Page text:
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Wayne Beggs

on 20 April 2018

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Transcript of Gentrification

What is Gentrification
An expanding and politically loaded urban process.

Changes neighborhoods and communities around the world.

A nebulous concept, crucial in the regeneration of many cities.

Continued morphing means that it defies a precise definition.

What is it?
A destroyer of neighborhoods and authenticity?

Displaces populations and destroys communities.

Leads to a cycle that ultimately reduces diversity.

Debates continue - is this a process with positive, or negative results?

Efforts to attract and direct gentrification’s powers of renewal

Hoyt and Burgess (1939) suggested that “the wealthy seldom reverse their steps and move backwards into the obsolete housing which they are giving up”

Move backwards was first observed in London by Glass in 1964

Middle-class homeowners applied sweat equity to improve declining housing stock with favorable design remnants.

Tended to be in larger world cities.

A Definition
Gentrification is:

a process involving a change in the population of land-users

such that the new users are of a higher socio-economic status than the previous users,

together with an associated change in the built environment

through a reinvestment in fixed capital.
What a Definition Needs
1. Why gentrification is concentrated in a small number of large cities such as Paris, London, New York, San Francisco, Toronto, Sydney and Melbourne (and why it is limited in older industrial cities).

2. Why gentrification appears in some areas of housing and not others, and the characteristics of the areas involved.

3. It must explain which groups become gentrifiers and why, and fourthly, it must explain the timing of gentrification.

In other words, a comprehensive explanation must address the questions of where, which areas, who and why.
Who is displaced?

Who is displacing?

Which groups gentrify and why?

Is it an urban elite
Which Areas
Early Consideration of Which Areas
Portrayal of Gentrification
Urban Renaissance
Two-competing Theories
An increasing focus on housing finance in the economy.

Focus on the commodification of housing.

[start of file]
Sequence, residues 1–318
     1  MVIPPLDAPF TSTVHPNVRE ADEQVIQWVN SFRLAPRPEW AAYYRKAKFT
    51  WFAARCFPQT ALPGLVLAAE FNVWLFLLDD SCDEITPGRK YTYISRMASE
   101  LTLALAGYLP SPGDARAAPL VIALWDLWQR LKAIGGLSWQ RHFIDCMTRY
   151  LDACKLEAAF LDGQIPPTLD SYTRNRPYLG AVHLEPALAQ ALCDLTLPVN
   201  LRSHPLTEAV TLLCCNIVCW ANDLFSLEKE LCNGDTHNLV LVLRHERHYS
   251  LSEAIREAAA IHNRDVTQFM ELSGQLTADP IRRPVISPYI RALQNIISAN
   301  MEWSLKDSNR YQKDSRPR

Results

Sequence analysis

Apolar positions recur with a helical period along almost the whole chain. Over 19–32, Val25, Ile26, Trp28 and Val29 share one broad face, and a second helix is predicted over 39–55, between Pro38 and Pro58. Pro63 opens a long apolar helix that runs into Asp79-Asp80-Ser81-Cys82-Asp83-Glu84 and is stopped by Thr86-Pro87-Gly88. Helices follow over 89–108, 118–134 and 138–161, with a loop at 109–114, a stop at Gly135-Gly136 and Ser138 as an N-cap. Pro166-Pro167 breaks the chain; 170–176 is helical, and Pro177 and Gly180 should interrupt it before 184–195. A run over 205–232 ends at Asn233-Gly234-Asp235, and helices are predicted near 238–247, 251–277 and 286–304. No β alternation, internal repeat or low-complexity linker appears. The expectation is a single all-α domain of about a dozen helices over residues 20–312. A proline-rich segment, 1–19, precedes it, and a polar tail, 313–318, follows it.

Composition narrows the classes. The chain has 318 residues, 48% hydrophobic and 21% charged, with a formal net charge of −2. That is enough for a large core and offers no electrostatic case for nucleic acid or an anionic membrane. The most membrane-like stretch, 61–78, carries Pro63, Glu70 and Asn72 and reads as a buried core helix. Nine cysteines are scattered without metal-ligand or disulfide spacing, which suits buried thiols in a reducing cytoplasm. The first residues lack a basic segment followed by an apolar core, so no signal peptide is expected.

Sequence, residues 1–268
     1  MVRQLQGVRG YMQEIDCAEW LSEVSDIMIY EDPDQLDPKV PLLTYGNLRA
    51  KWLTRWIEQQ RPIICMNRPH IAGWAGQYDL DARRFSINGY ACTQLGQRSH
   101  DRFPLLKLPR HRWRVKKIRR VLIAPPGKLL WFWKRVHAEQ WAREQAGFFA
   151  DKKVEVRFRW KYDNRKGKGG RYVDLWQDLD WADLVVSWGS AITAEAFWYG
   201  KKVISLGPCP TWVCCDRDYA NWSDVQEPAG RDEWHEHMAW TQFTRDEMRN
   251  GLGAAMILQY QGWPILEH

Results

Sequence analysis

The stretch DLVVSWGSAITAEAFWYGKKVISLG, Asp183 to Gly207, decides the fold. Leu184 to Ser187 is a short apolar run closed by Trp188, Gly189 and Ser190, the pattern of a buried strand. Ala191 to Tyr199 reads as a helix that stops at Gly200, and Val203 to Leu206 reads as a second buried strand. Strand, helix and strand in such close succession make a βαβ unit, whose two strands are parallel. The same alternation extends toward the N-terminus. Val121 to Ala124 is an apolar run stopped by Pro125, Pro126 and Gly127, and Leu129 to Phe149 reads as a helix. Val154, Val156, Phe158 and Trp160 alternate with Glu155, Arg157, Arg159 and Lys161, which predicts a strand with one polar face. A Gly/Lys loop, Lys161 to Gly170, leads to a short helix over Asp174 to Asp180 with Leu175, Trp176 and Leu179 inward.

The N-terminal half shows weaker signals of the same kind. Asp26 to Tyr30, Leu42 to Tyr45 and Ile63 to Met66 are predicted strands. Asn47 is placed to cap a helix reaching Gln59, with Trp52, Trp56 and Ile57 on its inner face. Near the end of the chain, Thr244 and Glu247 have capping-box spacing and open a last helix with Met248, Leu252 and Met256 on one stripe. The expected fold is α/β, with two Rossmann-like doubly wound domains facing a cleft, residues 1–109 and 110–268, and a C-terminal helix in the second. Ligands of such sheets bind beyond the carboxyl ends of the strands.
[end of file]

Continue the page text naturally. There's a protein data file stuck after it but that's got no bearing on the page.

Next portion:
What is Gentrification?
How is


Our Current Understanding
What does it look like today?
A return to the city after a period of abandonment spawns a fabulous rebirth in arts and culture.

Suggestion that this view is tied to an urban rebirth where squalor is expunged and the respectable classes reclaim the city.

This popular view is offensive as it negates the actual history of urban disinvement and decline
Negative view suggests colonization whereby a dominant group subsumes a subject group.

Most marxist views of gentrification use the image of colonization.

Colonization as a process of unfair economic relationships and exploitation.

Gentrification is portrayed is compared to a number of historical movements.

It is a point of easy reference, a shorthand for understanding relationships.
Consideration of Race and Gentrification
Consideration of Gender and Gentrification
The Influence of Living Alone
Traditional Inner-city Gentrification
Global Movement of Populations Creating Intensification
First Ring Suburbs and Reinvestment
Redevelopment Using Formulas Related to Gentrification
Rural Gentrification:
Commodification of Quaint Towns
Globalization and Gentrification
Rose and the concept of the marginal gentrifier.

Couples, deferred parenthood.

Considerations for the commodification of space
Klienburg outlines emerging trend of individuals living alone.

Policy implication - twice as many homes a desire for connecting spaces

More desire for outdoor meeting spaces.

Smaller housing units.
Increased global commerce.

Increased transnational migration and migration to cities.

Increased migration to the 'arrival cities' of developed nations.

Global wealth looking for safe places to land.

Looking for new opportunity
Viewing cities as a wild space the frontier view of gentrification suggests it as a civilizing force.

Images include the urban pioneer, the urban cowboy and urban homesteaders.
Early Studies of Who
Glass sees an urban gentry

Smith sees a striving class seeking a bargain presented by evolving patterns.

Ley sees artists.
Later Studies of Who
Seems to be centered in large global cities initially.

Then spreads to other cities, but does not appear in all cities initially.
A myriad of potential gentrifiers - students, hipsters, global citizens.
Rent Gap Theory (Smith)
Post-industrial Theory (Ley)
Hamnett - The Blind Man and the Elephant
Neo-liberalism and Gentrification
Is gentrification all of these processes, or is the term too narrow to use to describe the variety of processes at play?

In the face of neo-liberalist approaches, what is the role of the planner in ensuring equity?

In the DFW Metroplex, where is gentrification occurring? Where could it happen next?
If gentrification is truly generalized... why does it happen in some spaces and not in others?

Is it possible to gentrify without displacement?

Is there such a thing as equity-based gentrification?

Is "distinction" at play in your conception of gentrification?
Seems to focus on undervalued areas with an abundance of renewable housing stock.

Eventually, is seen in post-industrial core of the city.

Rise of the loft.
Is this based on an economic opportunity.

Is there an inherent value in these areas.
Impacts of Gentrification
Early discussion focuses on displacement.

Class and race elements tied into displacement.

Displacement is difficult to track and outcomes are complex.
The Complexity of Displacement
Does displacement lead to negative outcomes?

Are all communities of value? Are there some communities that we would like to displace?

Can you have gentrification without displacement?